St Dunstan’s House

Thursday, 27 July, 2000













(Tape Transcript by Marten Walsh Cherer Ltd, Midway House, 27-29 Cursitor St, London, EC4A 1LT. Telephone: 020 7405 5010 Fax: 020 7405 5026).


MR PAUL DARLING, QC (Instructed by Messrs Masons Manchester M2 3SS) appeared for the Claimant.


MR PHILIP BARTLE: (Instructed by Messrs Knowles) appeared for the Defendants



(As approved by Judge)

This is an application by Shepherd Construction Limited for a declaration that an adjudicator, who has begun to investigate a dispute referred to him by the Defendant, Mecright Limited has no jurisdiction to do so. The claim is made under Part 8 of the CPR. Although Shepherd has not made a formal application for summary judgment, Mr Bartle or Mecright makes no objection to that. He does say that it would be inappropriate to make such a declaration on this application since the foundation of Shepherd's case ought not to be the subject of any summary procedure such as that contemplated by Part 8. As will become apparent such a procedure is appropriate in the circumstances and there is no difficulty in determining the application justly and thereby in conformity with Part 1 of the CPR both as regards the overriding objective and the powers of case management which require a court to identify and if practicable, to decide such an issue.


It is necessary to set out the background in order to understand what is in essence a short point that has arisen, made all the shorter in the light of some proper concessions made for the purpose of the proceedings by Mr. Bartle for Mecright. The facts are to be found in various witness statements: for Shepherd, a formal statement- exhibiting documents from a solicitor, Sian Elizabeth Hughes and from an employee, Mr Baker; for Mecright, a statement from Mr Patrick Donnelly, a director and, as he said, its proprietor.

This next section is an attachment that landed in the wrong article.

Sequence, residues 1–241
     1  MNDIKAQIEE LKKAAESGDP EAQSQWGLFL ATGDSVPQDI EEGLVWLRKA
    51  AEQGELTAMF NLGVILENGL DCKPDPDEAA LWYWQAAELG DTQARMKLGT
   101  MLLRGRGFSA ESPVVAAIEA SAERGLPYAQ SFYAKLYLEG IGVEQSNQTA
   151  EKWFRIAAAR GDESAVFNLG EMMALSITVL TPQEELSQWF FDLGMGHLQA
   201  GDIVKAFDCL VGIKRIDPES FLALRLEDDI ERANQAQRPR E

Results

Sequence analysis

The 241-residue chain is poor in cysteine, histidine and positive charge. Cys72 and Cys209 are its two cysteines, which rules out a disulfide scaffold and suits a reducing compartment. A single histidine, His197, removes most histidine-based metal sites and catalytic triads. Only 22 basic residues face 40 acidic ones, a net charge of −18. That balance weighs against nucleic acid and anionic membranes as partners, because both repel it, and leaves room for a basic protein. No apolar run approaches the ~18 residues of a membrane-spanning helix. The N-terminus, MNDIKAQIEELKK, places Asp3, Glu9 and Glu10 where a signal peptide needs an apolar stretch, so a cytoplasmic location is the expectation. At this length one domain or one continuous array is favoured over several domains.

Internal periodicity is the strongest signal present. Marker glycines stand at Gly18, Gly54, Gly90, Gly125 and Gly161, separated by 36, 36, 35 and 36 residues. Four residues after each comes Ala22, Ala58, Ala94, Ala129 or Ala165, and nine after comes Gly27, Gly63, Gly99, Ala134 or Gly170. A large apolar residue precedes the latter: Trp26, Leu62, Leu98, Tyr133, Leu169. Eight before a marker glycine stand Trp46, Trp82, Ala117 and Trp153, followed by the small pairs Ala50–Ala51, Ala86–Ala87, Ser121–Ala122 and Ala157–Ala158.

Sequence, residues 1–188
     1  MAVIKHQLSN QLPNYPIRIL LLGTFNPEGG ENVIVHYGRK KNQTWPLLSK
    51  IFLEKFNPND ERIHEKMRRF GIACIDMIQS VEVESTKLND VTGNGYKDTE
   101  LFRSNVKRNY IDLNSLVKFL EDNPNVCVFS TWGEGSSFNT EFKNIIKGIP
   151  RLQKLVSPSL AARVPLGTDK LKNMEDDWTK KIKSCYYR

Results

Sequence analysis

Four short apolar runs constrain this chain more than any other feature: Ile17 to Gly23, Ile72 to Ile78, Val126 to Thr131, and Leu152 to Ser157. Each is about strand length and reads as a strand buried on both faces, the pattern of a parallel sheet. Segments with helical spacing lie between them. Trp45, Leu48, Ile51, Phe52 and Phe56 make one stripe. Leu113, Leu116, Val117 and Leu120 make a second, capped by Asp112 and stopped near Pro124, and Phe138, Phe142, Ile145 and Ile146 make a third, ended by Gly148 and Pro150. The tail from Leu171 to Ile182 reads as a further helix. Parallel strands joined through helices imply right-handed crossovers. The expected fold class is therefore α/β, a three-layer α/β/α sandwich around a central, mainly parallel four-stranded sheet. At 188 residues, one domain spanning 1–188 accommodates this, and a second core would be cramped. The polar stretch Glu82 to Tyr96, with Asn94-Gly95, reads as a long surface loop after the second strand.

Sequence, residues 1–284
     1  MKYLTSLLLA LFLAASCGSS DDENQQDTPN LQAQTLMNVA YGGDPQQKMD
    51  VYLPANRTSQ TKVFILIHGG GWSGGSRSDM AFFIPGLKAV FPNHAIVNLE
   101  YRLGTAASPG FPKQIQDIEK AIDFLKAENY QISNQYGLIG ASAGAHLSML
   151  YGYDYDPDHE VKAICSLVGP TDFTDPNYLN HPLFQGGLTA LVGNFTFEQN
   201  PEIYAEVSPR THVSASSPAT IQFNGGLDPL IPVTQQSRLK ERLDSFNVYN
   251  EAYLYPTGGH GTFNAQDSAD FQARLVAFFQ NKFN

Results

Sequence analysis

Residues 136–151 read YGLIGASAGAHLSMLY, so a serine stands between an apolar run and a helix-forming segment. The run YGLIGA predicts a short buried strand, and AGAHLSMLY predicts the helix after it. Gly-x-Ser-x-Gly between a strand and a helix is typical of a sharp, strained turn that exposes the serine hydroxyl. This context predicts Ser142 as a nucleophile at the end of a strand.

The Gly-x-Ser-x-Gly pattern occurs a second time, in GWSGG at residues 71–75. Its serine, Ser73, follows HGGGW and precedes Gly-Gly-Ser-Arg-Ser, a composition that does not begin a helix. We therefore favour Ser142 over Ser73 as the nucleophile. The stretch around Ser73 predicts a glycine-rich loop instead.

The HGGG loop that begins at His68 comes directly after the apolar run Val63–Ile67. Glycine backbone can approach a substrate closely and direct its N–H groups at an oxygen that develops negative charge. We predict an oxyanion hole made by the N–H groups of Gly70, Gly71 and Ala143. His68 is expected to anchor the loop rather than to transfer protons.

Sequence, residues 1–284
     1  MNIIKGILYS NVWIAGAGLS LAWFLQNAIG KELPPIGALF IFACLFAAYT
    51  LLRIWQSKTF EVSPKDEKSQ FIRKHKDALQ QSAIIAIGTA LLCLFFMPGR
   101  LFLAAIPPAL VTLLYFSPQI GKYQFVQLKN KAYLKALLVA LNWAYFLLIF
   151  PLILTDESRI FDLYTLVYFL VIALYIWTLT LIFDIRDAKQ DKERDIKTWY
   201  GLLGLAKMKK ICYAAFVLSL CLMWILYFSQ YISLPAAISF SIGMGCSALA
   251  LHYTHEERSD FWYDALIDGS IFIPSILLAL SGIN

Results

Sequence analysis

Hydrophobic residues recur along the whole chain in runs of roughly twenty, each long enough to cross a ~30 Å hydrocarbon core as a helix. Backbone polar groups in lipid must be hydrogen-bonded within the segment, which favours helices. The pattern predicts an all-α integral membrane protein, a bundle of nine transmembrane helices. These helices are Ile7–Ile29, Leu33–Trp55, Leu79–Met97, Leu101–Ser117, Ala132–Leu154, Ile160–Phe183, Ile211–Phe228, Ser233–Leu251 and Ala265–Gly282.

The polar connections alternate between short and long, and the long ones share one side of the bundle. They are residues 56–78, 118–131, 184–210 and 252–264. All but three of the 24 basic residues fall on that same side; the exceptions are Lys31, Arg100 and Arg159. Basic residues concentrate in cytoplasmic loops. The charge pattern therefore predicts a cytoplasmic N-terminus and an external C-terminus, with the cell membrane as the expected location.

One of the disquieting features of this case related to Mr Donnelly's statement which was signed and dated 25 July 2000. In it Mr Donnelly said in paragraph 7: "I also attach Shepherd's Response document served in the adjudication (at exhibit PD3) and Mecright's Reply (at exhibit 4). As far as the latter document is concerned, I again confirm the contents are true to the best of my knowledge, information and belief." In an accompanying letter dated 25 July 2000 Mecright's solicitor said that "exhibit 4 was being prepared by others and was not available at the time of sending this letter. It will be handed to the Court at the hearing. We apologise for any inconvenience caused... ". A post-it note on the title page for exhibit 4 said that it "was being prepared by James R Knowles' Birmingham and was not available at the time of sending this letter...". A copy of the exhibit was produced at the hearing on my inquiry. A copy had not been sent to Shepherd. Paragraph 18.3 of the Practice Direction to Rule 32 requires an exhibit to be "verified and identified by the witness". Paragraph 25 provides:


"25.1 Where

(2) a witness statement, or

(3) exhibit to .. a witness statement does not comply with Part 32 or this practice direction in relation to its form, the court may refuse to admit it in evidence and may refuse to allow the costs arising from its preparation.

25.2 Permission to file a defective ... witness statement or to use a defective exhibit may be obtained from a judge in the court where the case is proceeding."